Irish: Lesson Twelve
Motion / Location
There are two Irish words for "in" and and two for "out", corresponding to the distinction in English between "inwards" and "inside" and "outwards" and "outside", respectively. One describes the motion of going in or out, and the other describes the location of being in or out:
A similar distinction holds for "up" and "down":
In addition to these, there are also the specialized words "anuas" and "aníos". Anuas means "down (from above)" and aníos means "up (from below)":
The Case System
In the last lesson it was shown how a thing or person that was being directly addressed was said to be in the "vocative case" and underwent a spelling change. Standard Irish has three cases -- the nominative, or default, case, the vocative, and the genitive, which we'll look at in a moment. There is also an important case used in the dialects of Irish and in pre-Standard writing called the dative case, which dealt with nouns that followed prepositions. When we eclipse nouns that come after "ag an" or "ar an" (e.g. ag an mbanc, "at the bank", etc.), that is a remnant of the dative case. But in Standard Irish this case doesn't officially exist, so we'll leave it aside for now.
The genitive case has a number of different functions, but the most common is to show possession by something of something else. It is often used where in English the word "of" would be found, or where a noun would take apostrophe plus "s". For instance, if the English sentences "a glass of beer", "the king's men", or even "straw man" were translated into Irish, the words "beer", "king", and "straw" would be in the genitive case ("straw man" is also "man of straw"). Now, finding the way in which a noun changes from the nominative to the genitive in Irish is one of the great difficulties in that language's grammar, along with finding out how to turn a singular noun into a plural. There are a number of different methods that are used. As a defensive measure grammarians have come up with the idea of "declensions", groups of nouns that are roughly similar in the way they form the genitive, the vocative, and the plural. There are five declensions and they may make the necessary changes a little clearer.
The First Declension
Nouns of the first declension are all masculine and all end with a broad vowel (a, o, or u). This includes most names of men in Irish, such as Ciarán, Micheál, Peadar, Séamas, Seán, etc., as well as a great number of common masculine nouns for objects. Nouns in this declension form their genitive case the same way as they do their vocative -- by the process called "slenderization", which is either adding a slender vowel (e or i) to the noun, or changing broad vowels in the noun into slender ones. Last lesson we saw how someone named "Seán" would be addressed as "a Sheáin" and someone named "Breandán" as "a Bhreandáin". These are examples of slenderization, because the slender vowel "i" is being added to the names. We do the same to first declension nouns in the genitive:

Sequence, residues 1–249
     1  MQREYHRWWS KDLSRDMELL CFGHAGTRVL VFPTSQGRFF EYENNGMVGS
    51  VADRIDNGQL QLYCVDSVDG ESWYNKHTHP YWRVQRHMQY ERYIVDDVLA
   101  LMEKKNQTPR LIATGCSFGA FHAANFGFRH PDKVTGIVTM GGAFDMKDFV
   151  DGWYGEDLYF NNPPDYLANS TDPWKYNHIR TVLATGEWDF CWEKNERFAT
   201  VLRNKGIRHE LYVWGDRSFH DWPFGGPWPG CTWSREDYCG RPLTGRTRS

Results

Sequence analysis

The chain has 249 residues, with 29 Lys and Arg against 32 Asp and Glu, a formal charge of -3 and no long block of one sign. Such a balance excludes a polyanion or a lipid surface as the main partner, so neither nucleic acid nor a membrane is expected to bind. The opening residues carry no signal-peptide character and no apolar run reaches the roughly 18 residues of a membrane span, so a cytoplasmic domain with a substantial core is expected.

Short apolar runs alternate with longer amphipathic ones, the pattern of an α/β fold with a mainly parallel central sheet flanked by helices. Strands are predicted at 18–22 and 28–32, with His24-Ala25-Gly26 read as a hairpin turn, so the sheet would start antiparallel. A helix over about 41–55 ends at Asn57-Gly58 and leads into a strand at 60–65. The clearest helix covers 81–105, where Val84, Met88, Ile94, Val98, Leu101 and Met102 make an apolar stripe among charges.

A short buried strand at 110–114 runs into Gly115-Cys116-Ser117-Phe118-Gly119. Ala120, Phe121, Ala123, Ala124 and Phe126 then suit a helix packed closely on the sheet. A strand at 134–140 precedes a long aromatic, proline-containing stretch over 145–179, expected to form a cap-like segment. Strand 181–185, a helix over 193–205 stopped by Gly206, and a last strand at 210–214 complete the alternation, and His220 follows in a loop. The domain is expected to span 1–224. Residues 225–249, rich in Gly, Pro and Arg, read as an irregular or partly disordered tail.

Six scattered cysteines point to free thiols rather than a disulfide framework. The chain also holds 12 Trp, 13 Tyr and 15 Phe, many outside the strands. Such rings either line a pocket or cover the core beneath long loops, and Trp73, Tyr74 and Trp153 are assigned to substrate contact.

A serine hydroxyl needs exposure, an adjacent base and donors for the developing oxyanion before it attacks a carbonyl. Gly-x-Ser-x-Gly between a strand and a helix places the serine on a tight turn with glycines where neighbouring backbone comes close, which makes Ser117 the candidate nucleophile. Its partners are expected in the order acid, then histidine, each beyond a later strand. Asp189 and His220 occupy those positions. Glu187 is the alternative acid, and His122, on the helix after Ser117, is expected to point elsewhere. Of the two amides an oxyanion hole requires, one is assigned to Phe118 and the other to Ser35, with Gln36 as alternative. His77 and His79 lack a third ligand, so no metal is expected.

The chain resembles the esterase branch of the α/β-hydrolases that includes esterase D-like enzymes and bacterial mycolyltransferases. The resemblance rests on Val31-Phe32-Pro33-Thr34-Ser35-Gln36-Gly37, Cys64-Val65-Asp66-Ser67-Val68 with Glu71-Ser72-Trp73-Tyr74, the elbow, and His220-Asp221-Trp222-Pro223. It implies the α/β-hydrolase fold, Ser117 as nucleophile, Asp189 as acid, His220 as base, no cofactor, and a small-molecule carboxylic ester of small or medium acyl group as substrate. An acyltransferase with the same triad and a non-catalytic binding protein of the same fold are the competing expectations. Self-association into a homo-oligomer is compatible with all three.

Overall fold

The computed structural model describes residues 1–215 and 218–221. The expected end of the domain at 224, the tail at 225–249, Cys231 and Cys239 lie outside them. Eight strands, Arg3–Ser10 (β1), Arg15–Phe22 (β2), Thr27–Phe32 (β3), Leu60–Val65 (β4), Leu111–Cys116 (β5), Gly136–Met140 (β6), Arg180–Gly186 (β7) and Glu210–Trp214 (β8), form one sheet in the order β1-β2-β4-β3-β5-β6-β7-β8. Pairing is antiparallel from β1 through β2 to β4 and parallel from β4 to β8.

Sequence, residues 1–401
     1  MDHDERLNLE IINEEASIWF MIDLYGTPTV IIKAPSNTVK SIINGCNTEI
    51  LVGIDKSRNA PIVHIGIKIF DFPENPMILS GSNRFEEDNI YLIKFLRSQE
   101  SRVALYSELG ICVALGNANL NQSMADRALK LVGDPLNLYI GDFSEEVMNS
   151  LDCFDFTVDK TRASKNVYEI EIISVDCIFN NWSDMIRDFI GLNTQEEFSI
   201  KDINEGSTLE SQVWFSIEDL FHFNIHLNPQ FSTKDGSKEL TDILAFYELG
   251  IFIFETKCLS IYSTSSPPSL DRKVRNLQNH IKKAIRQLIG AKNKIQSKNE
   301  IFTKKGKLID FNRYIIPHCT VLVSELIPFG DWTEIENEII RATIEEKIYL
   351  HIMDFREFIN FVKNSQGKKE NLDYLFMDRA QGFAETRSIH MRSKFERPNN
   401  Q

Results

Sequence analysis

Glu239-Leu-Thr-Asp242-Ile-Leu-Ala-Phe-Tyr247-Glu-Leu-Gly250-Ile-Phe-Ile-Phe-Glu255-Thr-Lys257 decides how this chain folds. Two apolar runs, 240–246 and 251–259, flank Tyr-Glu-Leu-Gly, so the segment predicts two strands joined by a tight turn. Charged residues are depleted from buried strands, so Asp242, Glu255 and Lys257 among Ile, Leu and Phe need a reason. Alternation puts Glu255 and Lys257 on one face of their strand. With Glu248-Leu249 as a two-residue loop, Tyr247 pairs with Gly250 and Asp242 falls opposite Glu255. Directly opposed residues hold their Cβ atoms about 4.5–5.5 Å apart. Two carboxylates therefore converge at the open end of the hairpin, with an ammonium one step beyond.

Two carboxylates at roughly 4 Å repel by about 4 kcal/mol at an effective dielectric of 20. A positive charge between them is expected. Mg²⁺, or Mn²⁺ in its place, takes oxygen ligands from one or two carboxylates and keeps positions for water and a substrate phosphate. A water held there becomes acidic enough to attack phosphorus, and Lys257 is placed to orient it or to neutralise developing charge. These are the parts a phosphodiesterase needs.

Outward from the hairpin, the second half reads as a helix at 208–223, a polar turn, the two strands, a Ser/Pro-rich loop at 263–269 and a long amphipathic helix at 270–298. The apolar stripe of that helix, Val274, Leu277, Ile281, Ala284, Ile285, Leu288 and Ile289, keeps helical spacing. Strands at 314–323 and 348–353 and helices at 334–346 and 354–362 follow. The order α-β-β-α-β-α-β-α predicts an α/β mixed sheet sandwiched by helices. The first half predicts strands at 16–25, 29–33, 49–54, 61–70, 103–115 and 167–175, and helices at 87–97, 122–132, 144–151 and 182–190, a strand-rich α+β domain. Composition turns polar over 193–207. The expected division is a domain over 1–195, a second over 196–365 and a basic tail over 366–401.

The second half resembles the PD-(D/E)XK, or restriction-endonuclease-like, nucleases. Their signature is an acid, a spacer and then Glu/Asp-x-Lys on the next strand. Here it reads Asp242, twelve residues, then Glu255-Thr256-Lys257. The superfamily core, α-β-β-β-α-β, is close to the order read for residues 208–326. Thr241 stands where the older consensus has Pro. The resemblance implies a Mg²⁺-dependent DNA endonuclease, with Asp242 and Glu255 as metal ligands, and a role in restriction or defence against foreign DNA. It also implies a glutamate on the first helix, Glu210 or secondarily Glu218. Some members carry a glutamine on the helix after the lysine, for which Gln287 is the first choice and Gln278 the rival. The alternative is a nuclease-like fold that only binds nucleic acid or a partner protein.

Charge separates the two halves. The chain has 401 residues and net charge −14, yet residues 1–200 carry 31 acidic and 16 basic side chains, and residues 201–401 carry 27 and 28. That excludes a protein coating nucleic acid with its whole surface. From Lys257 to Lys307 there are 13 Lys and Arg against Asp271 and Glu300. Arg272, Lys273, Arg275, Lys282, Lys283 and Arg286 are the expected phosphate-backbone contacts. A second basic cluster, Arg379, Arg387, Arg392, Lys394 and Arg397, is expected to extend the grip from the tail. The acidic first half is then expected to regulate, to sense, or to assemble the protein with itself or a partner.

However, as mentioned earlier some words instead of simply adding "i" change one or more of their vowels to "i":
The definite article of a masculine noun in the genitive case is still "an", but it aspirates the noun following (unless it begins with "d" or "t"), and adds "t" to a noun beginning with "s". Nouns beginning with d, t, l, n, r, or a vowel are unaffected by "an":
Note that in Irish when we have a sentence expressing "the X of the Y", for instance "the name of the boat" or "the life of the saint", the first noun never has an article, even if it does in English -- "name" and "life", respectively, are left indefinite.
The nominative plurals of many, but not all, first declension nouns are the same as their genitive singular:
However there are quite a few irregulars which form plurals by adding "a", "ta", "tha", "aí", "anna", or "ra", which is quite different from how they form their genitive, and these have to be memorized separately. A few common ones are given here.
Some of these nouns before they add a plural suffix lose their final vowel:
Nouns of the second declension are all feminine, with only three exceptions: im ("butter"), sliabh ("mountain"), and teach ("house"). The article before a feminine noun in the genitive case is "na"; this adds "h" to a noun beginning with a vowel.
The genitive singular in this declension is formed in one of three ways:
i) Adding -e to nouns ending in a slender vowel:
ii) Slenderizing and then adding -e to nouns ending in a broad vowel:
iii) Changing an ending "-ach" into "-aí" and "-each" into "-í":
Plurals are generally formed by adding "-a":
But there are the usual exceptions, for instance plurals ending in "-eanna" -- these are all of one syllable and end in a slender vowel:
... or those ending in "-acha" or "-eacha":
... or in "-te", "-ta", or "-tha":
The genitive case and, to a greater extent, the formation of plurals are indeed a wretched business in Irish, but when you start to read Irish you'll at least be able to recognize the word for what it is no matter what case it's in, and over time get used to seeing that word with its distinctive case-endings. A good dictionary, like the new Collins Gem Irish, lists the declension number after every noun and gives irregular genitive and plural forms in brackets, and in general attempts to make it easier to handle these things. So although we have another three declensions to learn, whatever grammar doesn't kill us can only make us stronger.